Risk Factors for Anastomotic Leak Following Colorectal Surgery A Case-Control Study

ArticleinArchives of surgery (Chicago, Ill.: 1960) 145(4):371-6; discussion 376 · April 2010with39 Reads
DOI: 10.1001/archsurg.2010.40 · Source: PubMed
Abstract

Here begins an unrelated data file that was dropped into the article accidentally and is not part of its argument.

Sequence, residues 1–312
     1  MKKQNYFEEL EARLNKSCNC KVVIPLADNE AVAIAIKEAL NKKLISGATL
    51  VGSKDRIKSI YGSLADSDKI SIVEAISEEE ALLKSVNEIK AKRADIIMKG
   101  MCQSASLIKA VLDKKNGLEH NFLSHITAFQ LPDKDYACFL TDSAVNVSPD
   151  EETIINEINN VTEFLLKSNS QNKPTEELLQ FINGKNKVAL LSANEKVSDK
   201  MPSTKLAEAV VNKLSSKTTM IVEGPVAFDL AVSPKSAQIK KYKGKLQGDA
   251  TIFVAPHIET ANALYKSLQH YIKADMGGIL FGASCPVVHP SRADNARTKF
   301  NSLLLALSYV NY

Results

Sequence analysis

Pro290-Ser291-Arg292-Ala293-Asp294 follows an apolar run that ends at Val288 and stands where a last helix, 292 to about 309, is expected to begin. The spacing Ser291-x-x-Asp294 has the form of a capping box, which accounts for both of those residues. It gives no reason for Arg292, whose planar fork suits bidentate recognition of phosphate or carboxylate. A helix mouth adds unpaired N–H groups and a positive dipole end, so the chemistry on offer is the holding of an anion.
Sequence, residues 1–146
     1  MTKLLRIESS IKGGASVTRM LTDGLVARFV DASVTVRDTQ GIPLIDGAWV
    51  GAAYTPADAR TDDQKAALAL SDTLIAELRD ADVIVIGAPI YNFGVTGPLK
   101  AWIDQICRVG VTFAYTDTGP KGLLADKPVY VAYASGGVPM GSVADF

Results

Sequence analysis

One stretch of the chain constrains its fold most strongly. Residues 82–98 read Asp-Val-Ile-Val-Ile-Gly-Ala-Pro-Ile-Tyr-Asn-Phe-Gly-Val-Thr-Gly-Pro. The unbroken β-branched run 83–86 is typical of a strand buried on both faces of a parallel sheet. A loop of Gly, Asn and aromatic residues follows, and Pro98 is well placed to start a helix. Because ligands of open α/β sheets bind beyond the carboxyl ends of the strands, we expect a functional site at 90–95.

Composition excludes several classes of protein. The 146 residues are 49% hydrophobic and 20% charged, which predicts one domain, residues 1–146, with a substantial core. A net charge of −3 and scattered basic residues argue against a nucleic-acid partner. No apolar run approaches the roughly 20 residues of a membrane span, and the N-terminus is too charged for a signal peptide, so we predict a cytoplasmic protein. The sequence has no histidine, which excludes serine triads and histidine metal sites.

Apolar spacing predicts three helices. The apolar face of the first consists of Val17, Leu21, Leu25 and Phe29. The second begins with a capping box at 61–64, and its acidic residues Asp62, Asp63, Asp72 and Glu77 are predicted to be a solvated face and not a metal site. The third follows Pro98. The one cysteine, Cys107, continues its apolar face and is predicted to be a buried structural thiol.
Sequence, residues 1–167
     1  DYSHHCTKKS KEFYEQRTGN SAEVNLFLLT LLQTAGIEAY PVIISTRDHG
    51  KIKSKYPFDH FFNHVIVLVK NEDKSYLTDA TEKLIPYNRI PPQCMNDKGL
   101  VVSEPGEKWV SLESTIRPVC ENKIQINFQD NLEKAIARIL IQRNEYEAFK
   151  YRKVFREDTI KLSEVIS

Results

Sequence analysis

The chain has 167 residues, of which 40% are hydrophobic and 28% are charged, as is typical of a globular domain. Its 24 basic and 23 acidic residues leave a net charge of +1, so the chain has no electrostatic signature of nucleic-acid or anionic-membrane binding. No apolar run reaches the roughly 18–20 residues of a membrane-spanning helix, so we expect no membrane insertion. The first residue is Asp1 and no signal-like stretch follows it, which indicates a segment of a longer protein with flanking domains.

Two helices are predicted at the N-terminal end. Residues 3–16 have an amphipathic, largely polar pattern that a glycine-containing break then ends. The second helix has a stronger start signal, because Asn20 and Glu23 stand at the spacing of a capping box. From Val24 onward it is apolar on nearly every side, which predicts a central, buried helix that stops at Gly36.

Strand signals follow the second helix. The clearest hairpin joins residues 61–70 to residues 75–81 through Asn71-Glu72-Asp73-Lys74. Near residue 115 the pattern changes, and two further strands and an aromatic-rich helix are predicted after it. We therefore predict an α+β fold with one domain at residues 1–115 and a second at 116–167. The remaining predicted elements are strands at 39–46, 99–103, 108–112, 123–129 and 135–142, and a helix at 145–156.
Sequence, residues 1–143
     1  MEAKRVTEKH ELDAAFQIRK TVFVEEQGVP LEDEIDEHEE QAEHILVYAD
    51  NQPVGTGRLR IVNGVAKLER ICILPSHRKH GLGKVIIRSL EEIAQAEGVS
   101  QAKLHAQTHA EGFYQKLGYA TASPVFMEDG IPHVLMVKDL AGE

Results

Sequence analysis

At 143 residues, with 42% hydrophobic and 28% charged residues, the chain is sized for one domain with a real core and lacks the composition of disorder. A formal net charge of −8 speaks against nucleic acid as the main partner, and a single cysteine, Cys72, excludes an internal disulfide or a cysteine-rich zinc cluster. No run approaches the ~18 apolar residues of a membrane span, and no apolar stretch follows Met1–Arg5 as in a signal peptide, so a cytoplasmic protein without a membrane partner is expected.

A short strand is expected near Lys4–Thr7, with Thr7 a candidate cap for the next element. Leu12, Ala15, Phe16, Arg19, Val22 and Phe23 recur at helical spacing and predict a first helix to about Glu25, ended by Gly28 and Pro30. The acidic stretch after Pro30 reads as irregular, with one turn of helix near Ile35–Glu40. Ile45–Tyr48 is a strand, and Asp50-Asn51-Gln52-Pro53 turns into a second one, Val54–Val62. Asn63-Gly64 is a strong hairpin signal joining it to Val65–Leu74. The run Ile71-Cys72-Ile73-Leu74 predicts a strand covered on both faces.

To assess anastomotic leak (AL) risk factors in a large patient series. Case-control study. The Mount Sinai Hospital. Ninety patients with AL following colorectal resection and 180 patients who underwent uncomplicated procedures. Risk factors associated with development of AL. The AL rate was 2.6%. Five risk factors for AL were identified: (1) preoperative albumin level lower than 3.5 g/dL (odds ratio [OR] 2.8; 95% confidence interval [CI], 1.3-5.1) (P = .03); (2) operative time of 200 minutes or longer (OR, 3.4; 95% CI, 2.0-5.8) (P = .01); (3) intraoperative blood loss of 200 mL or more (OR, 3.1; 95% CI, 1.9-5.3) (P = .01); (4) intraoperative transfusion requirement (OR, 2.3; 95% CI, 1.2-4.5) (P = .02); and (5) histologic specimen margin involvement in disease process in patients with inflammatory bowel disease (IBD) (OR, 2.9; 95% CI, 1.4-6.1) (P = .01). Patients with all 3 intraoperative risk factors had an OR of 22.1; 95% CI, 2.8-175.4 (P < .001) for development of AL. Histologic resection margin involvement in disease process in patients with IBD, preoperative albumin levels lower than 3.5 g/dL, intraoperative blood loss of 200 mL or more, operative time of 200 minutes or more, and/or intraoperative transfusion requirement increased AL risk. Enteral nutritional optimization prior to elective surgery is essential. Proximal diversion should be considered for patients with all 3 intraoperative risk factors because they are at high risk for AL.